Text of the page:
Two items were previously reported to have sold for $38,175 each, one being the blockfront chest. The other was a pair of Nineteenth Century French gilt bronze and iron chenets, or andirons. They had been in a study in the home and frequently used although they remained in very fine condition. They were executed in the Chinese taste, in the form of a man and woman, each seated atop pagoda roofs. The pair was one of the items that Steve Fletcher said was among his favorite items in the sale.
Chinese export and other porcelains were closely examined by prospective buyers. Most sought-after was a Chinese famille verte charger, more than 14 inches in diameter. From the Kangxi period, (1661-1722) it was decorated with charging warriors on horseback and had a double ring mark on its base in underglaze blue; it sold for $28,050. Some of the export porcelain was sold in lots with several pieces. A tableware service of 211 pieces of Canton and Blue Willow brought $7,013. A lot with 46 Chinese armorial pieces, most with condition issues, sold for $3,570 and a 17-piece armorial tea service went out for $2,423. A set of six Chinese plates decorated with the Imperial arms of Russia for Catherine the Great earned $4,845.
After the sale, Steve Fletcher commented, “We knew it was going to be a good sale. We had a steady stream of people attending the preview and they were examining items closely. That’s usually a good indication of the level of interest. One researcher who was here was interested in which tunes the Dutch musical clock played – he was researching popular Dutch music of the time the clock was made. The total of more than $650,000 exceeded our high estimate and we had a very happy consignor. Some of the items, like the pair of French andirons, were wonderful and I’d never seen anything like them. Buyers really went after the pole screen, and Ushak carpets go very well in today’s homes. The one we had showed very little wear and it was old – a good combination. I’m glad we kept the engraved covered glass urn with the Williams ship painting. They go together and should stay that way. So, it was a good sale. Our next Americana sale will be a live sale in May, and we have some very good furniture for that one.”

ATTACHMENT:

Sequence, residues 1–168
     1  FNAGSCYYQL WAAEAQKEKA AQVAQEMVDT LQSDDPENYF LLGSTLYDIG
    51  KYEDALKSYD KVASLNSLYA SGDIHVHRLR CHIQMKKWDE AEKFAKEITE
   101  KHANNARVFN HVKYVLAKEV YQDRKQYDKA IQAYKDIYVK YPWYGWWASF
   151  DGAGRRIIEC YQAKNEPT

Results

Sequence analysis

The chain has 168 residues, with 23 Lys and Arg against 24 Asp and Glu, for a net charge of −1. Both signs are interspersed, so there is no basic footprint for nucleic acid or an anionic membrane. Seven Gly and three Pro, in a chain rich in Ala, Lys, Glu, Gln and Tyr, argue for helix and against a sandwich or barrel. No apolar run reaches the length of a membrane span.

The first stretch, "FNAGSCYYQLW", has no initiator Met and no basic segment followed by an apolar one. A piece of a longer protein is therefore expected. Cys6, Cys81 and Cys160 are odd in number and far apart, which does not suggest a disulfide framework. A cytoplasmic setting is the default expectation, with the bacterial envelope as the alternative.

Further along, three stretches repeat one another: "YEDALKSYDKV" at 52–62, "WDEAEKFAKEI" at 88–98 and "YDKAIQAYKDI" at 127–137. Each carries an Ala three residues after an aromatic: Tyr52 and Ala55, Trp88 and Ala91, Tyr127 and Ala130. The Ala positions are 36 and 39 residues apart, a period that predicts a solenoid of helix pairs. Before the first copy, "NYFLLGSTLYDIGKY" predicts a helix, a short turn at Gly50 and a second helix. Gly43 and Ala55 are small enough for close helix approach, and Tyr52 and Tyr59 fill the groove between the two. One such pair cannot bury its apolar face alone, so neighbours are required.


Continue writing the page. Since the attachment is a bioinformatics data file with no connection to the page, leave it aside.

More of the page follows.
All prices quoted include the buyer’s premium as reported by the auction house.
For additional information, www.skinner.bonhams.com or 508-970-3000.